Epiphanyblog

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On creating new financial regulations

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This morning while scanning the NY Times for news and interesting, little known information, I discovered an abstract by Jennifer Taub of the University of Mass. at Amherst. In Enablers of Exuberance: Legal Acts and Omissions that Facilitated the Global Financial Crisis, Ms Taub argues that the financial market crash of 2008 is the direct result of a deregulation based more on an ideological idea that on sound and realistic fiscal policies. In the abstract, she writes:

After the bust, these Legal Enablers helped the middlemen to not just walk away unscathed, but wealthier than ever, and to leave the rest of society bereft. Uncertainty about the bankruptcy treatment of complex instruments and transnational structures made commercial bankruptcy through Chapter 11 less viable, thus the “middlemen” financial firms received massive taxpayer-funded bailouts. Meanwhile, Chapter 13 after the 1993 Court decision, prevented consumers from down-sizing underwater mortgages. Finally, the ability for ultimate investors to seek redress has been eroded through securities laws changes and legal doctrines shielding fiduciaries from liability.

This paper contends that if we wish to restore investor confidence and sustain a stable financial system, we must stop enabling the excessive leverage and speculation that create cycles of irrational exuberance followed by financial panics. Specifically, it recommends that we eliminate the loopholes that allow unregistered investment pools broad discretion to operate in the shadows, without transparency or supervision, to engage in self-dealing or related-party transactions, to inaccurately value and inadequately protect assets and to take on excessive leverage and illiquid portfolio holdings. This surpasses the Obama Administration’s proposal to bring hedge fund advisers under the Investment Advisers Act. In addition to the disclosure and enforcement that would affect hedge funds and advisers under that bill, this paper recommends revisiting the substantive protections of the Investment Company Act that apply to mutual funds. While the federal securities laws generally used mandated disclosure and enforcement as tools to regulate conduct, the country learned in 1929 and again in 2008 that regarding investment pools, disclosure is not enough. Substantive restrictions are more effective tools to protect pools of other people’s money. As part of this recommendation, the myth of the sophisticated investor and the private offering are confronted.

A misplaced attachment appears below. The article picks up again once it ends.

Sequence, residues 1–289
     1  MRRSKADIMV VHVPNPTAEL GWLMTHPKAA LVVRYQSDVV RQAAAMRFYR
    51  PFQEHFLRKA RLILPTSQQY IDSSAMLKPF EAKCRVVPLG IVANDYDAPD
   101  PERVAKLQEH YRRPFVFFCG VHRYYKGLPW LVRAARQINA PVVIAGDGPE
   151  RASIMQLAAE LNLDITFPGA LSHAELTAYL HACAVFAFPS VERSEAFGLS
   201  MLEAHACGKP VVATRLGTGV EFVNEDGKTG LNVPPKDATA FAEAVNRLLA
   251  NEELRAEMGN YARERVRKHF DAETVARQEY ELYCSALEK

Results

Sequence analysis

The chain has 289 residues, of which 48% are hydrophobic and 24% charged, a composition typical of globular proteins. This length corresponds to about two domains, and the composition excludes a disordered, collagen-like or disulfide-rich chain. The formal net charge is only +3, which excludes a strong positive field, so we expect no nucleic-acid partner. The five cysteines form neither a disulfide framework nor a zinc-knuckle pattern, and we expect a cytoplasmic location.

Second, this paper suggests that we avoid allowing devices, like credit default swaps, initially designed to minimize and distribute risk to be used for speculation or gambling. Third, it advises that we change our Bankruptcy Code to allow lien-stripping under Chapter 7 and 13, thus discouraging poor underwriting and inflated home valuations and protect the most vulnerable from the impact of the financial system abuses. Fourth, we should remove the obstacles that shield corporate officers, directors and others from liability for enabling destructive behavior.

This paper will also address the arguments that might be offered that would resist these reforms. These include, among others: (1) that we should not regulate hedge funds because they did not cause the GFC; (2) sophisticated investors can take care of themselves; (3) human nature (i.e. greed) cannot be successful constrained; (4) government regulation is ineffective and undermines business growth; (5) lien-stripping is too expensive and creates moral hazard; and (6) one should not second guess the behavior of corporate directors and managers trying to operate in the midst of a market-wide correction or collapse.

The crisis has passed but the problems that caused the crash remain. Nothing has changed and Wall St. has returned to the same old behavior that led to the crash. And the gatekeepers still don’t know what to do.

With all the Tea Parties crowds screaming about the deficit, the ruination of the economy, the loss of jobs and retirement funds and socialism, the time to revise regulatory laws is ripe to restore confidence in financial markets and the power of the government to keep the players honest.

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Written by Valerie Curl

September 17, 2009 at 12:02 PM

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